Nurses Dissatisfied in Five Countries, Study Finds
Although U.S. nurses have often "blamed" managed care for contributing to a decline in the quality of patient care, nurses in other countries that have implemented national health plans "share the same frustrations," a new study in the May/June issue of Health Affairs reveals. Problems such as inadequate nurse staffing and "uneven quality" of patient care are often attributed to the growth of managed care, increased hospital competition, reduced Medicare reimbursements and "other uniquely American phenomena," the study states. But a survey of 43,329 registered nurses working in adult acute care hospitals in the United States, Canada, England, Germany and Scotland found that nurses in all of the countries complained of staffing shortages, limited input in policy decisions and dissatisfaction with patient care. Findings from the study are outlined below.
- Patient care: About 45% of U.S. nurses reported that the "quality of care in their hospital has deteriorated in the past year." About 45% of Canadian nurses, 27.6% of English nurses, 21.5% of Scottish nurses and 17.2% of German nurses also agreed with this statement.
- Staffing levels: Only 33.4% of U.S. nurses agreed with the statement, "There are enough staff to get the work done," compared with 37.4% of Canadian nurses, 28.4% of English nurses, 36.3% of Scottish nurses and 37.7% of German nurses.
- Impact of staffing on patient care: About 34% of U.S. nurses agreed with the statement, "There are enough registered nurses to provide high-quality care." Thirty-five percent of Canadian nurses agreed with this statement, compared with 29% of English nurses, 38.1% of Scottish nurses and 36.5% of German nurses.
- Participation in policy decisions: About 40% of U.S. nurses said that nurses "have the opportunity to participate in policy decisions," compared with nearly 40% of Canadian nurses, 35.8% of English nurses, 32.8% of Scottish nurses and 22.7% of German nurses.
- Salary: Among U.S. nurses, 57% said that nursing salaries were "adequate." Sixty-nine percent of nurses in Canada, 19.9% of nurses in England, 25.9% of Scottish nurses and nearly 41% of German nurses agreed that their salaries were adequate.
- Job satisfaction: Forty-one percent of U.S. nurses said they were "dissatisfied with [their] present job," compared to 32.9% of Canadian nurses, 36.1% of English nurses, 37.7% of Scottish nurses and 17.4% of German nurses. One-third of American nurses under 30 said they were "planning to leave" their jobs within the next year, compared to 29.4% of Canadian nurses, 53.7% of English nureses, 46% of Scottish nurses and 26.5% of German nurses in the same age group.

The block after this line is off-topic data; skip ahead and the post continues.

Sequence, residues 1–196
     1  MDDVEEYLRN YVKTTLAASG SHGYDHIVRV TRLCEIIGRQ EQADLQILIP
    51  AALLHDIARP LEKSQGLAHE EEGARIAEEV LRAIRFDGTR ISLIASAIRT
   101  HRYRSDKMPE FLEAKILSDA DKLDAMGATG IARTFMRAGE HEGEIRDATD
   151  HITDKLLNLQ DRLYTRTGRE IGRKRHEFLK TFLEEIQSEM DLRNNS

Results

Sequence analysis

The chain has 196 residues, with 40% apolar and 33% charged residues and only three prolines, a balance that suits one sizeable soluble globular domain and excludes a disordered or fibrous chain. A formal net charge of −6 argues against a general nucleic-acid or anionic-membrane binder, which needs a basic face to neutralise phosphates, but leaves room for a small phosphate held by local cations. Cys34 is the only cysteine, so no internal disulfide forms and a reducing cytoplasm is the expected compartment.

The study concluded that "all is not well in hospitals," and that this is "not a uniquely American problem," suggesting instead that there is "a fundamental flaw in the design of clinical care services and the management of the hospital workforce" (Aiken et al., Health Affairs, May/June 2001). Lead study author Linda Aiken said, "My interpretation of our findings is that there's a disconnect between the folks that manage hospitals and the major product that they create," noting that hospitals' "major product" is patient care. She added that she is "not convinced" that there is a shortage of nurses, just that hospitals "can't attract enough of them." Aiken said that hospitals could create a "more attractive environment" for nurses and improve patient care without spending a lot of money (Burling, Philadelphia Inquirer, 5/7). Researchers suggested that hospitals adopt a different model of management -- "one that makes hands-on patient care the top priority for nurses and makes sure other hospital workers help nurses focus on their essential duties." Pamela Thompson, executive director of the American Organization of Nurse Executives, added that nurses with the highest level of job satisfaction are those with the most input on issues such as patient care and job operation. A spokesperson with the American Hospital Association agreed, stating that hospitals that have found "success" in restructuring delivery of nursing care have done so by "giving front-line nurses a voice in how changes are made" (Allen, Los Angeles Times, 5/7). Aiken said that hospitals also should offer benefits "comparable to those offered by other businesses," such as advancement and lifelong learning opportunities and flexible work schedules, over "popular short term strategies such as signing bonuses and use of temporary personnel" (Bergstrom, AP/Ft. Worth Star-Telegram, 5/7).This is part of the California Healthline Daily Edition, a summary of health policy coverage from major news organizations. Sign up for an email subscription.